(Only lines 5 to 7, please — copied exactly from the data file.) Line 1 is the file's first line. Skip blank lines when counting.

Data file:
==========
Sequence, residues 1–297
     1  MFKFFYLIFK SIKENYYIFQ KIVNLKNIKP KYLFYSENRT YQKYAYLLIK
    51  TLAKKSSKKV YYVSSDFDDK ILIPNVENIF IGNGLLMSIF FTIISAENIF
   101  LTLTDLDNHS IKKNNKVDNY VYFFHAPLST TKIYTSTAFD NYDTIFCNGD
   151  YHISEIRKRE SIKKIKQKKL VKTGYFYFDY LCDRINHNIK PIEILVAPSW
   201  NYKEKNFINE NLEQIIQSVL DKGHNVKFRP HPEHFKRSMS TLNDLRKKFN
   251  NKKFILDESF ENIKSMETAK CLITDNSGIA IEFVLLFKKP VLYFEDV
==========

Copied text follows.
   151  YHISEIRKRE SIKKIKQKKL VKTGYFYFDY LCDRINHNIK PIEILVAPSW
   201  NYKEKNFINE NLEQIIQSVL DKGHNVKFRP HPEHFKRSMS TLNDLRKKFN
   251  NKKFILDESF ENIKSMETAK CLITDNSGIA IEFVLLFKKP VLYFEDV